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Lyme Disease: What Seniors Should Know

A Good Day Gone Bad
Ticks. These small arachnids get to us through a behavior known as questing, in which they perch themselves on tall blades of grass or plant stems and wait for something – or someone – to brush past. And that’s when they strike, biting down on the skin and attaching themselves to feed on the blood they crave. Research shows that, over the last few decades, the tick population in the U.S. has grown rapidly, and as a result, the number of cases related to the diseases they carry has also risen. Lyme disease, in particular, is of growing concern. While Lyme disease can be dangerous to those of all ages, it poses a much greater risk for seniors, whose immune systems are generally less effective.

The Importance of Early Detection
Tick bites are extraordinarily common, especially in the Midwest and northeastern areas of the U.S from April through September. Given their commonality, there’s a good chance that most people may remove the tick and simply move on, viewing them more as a nuisance and not thinking of what may be happening under the skin. What’s more, because of the natural anesthetic that ticks secrete when they bite, some may not even be aware that they’ve even been bitten (assuming the tick fell off on its own accord). That’s why it’s imperative for seniors to understand the early signs of Lyme disease. The sooner they begin treatment, the greater their chances of overcoming the illness. 

Here’s what seniors should be on the lookout for:

  • Fever, chills, and joint aches
  • A rash with a bull’s eye-like appearance (a small red bump just after a tick bite is common and not always indicative of Lyme disease)
  • Swollen lymph nodes
  • Intense migraines
  • Dizziness and shortness of breath
  • Problems with short term memory

One of the difficulties in diagnosing Lyme disease in seniors is that many of the symptoms mimic those found in other conditions and diseases commonly found in older adults. In fact, songwriter and actor Kris Kristofferson was misdiagnosed for years as having Alzheimer’s, when in fact the source of his memory loss was caused by Lyme disease. Detailed information, in this case, is paramount to diagnosis and treatment. If seniors report symptoms such as those listed above to their physician, it’s important to also let them know if there was time spent outside. If Lyme disease is detected, an antibiotic will be prescribed and the infection will heal within two-to-three weeks.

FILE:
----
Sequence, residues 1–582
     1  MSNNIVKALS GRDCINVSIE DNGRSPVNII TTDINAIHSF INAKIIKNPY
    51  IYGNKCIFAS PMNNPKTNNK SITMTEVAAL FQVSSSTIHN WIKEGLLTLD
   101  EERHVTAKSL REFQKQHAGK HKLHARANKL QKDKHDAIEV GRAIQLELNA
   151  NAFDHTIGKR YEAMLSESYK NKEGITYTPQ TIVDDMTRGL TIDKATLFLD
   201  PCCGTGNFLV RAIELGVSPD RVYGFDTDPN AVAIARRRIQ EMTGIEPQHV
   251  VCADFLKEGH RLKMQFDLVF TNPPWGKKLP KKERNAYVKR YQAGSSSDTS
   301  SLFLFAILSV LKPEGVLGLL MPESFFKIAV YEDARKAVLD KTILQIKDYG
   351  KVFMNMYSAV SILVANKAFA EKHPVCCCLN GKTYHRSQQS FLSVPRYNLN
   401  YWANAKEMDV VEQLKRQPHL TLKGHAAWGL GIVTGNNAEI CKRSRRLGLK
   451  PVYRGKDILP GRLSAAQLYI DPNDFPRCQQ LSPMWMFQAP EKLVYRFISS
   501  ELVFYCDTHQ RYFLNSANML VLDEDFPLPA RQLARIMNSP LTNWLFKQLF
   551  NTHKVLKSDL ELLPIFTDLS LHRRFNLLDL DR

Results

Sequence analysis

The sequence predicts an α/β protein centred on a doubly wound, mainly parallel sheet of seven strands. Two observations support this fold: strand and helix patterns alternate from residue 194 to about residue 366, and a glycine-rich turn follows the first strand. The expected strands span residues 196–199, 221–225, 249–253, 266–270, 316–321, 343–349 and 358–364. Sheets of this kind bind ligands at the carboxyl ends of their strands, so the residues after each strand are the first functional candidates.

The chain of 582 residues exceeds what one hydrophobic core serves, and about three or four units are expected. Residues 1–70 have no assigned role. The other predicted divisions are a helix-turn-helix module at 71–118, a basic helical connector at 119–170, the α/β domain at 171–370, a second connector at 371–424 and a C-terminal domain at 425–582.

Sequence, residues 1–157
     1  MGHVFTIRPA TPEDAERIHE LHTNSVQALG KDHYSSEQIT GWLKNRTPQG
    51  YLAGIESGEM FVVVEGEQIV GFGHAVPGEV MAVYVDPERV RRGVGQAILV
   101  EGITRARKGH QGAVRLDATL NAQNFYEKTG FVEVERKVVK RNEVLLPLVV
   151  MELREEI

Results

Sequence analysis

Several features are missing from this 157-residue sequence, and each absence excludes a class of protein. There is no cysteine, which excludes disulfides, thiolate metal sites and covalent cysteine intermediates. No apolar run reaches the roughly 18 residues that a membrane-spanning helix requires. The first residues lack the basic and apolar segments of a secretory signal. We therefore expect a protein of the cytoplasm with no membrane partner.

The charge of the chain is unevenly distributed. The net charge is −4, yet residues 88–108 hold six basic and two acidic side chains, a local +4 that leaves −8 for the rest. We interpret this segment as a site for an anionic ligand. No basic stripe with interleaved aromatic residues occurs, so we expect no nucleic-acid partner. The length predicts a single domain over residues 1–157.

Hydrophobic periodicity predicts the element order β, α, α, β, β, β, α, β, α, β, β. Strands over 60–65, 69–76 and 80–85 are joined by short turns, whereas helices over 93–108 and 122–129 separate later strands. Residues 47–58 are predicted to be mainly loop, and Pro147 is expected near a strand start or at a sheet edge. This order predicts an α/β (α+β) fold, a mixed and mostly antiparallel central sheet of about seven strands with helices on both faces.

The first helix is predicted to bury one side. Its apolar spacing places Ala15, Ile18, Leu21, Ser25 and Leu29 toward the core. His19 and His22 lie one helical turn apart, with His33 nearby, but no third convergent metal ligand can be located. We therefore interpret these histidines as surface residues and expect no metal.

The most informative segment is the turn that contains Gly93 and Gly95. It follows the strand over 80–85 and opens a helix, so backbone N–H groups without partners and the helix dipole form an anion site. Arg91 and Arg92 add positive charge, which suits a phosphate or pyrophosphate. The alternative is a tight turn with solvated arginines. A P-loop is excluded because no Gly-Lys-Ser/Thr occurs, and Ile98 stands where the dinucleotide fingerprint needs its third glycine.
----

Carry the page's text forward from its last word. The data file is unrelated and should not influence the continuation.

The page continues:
But as mentioned, time is of the essence when it comes to Lyme disease, and seniors should never shrug off the symptoms. The longer Lyme disease goes untreated in seniors, the harder it becomes to cure. And even if late-stage Lyme disease is treated, the lingering effects, such as fatigue and nausea, may never fully go away.

Reducing the Risk of Lyme Disease
Lyme disease is undoubtedly a great risk for seniors, but it should not deter them from enjoying the outdoors. Taking a few precautionary steps can help seniors avoid the bloodsuckers almost entirely. Before embarking on a walk or hike, it’s important to put on clothing that covers up the arms and legs, as ticks are more likely to attach themselves there. If it’s warmer out and longer clothing isn’t a sensible option, applying tick repellent product (with 20% DEET or higher) is recommended. Sticking to the center of trails or walking paths can also help, as can avoiding areas of high or thick vegetation, if possible. Upon returning from outside, seniors should also check themselves thoroughly for the presence of ticks or indications of a tick bite.

Comfort Keepers® Can Help
Getting to spend time outside can be a key component of our physical and emotional well-being, and at Comfort Keepers®, we want to ensure that seniors have the means to do so. Our caregivers can help clients dress appropriately for a hike or walk – with clothing that will reduce the risk of tick bites – and accompany them every step of the way. Call a local Comfort Keepers location to learn more about our caregiving services. 

Centers for Disease Control and Prevention. “Signs and Symptoms of Untreated Lyme Disease.” Web. 2018.
ThoughtCo. “How Do Ticks Get On You?” by Debbie Hadley. Web. 2017.
Interim Healthcare. “Are ticks dangerous for the elderly?” Web. 2018.
Next Avenue. “Kris Kristofferson’s ‘Dementia’ Was Lyme Disease” by Emily Gurnon. Web. 2016.

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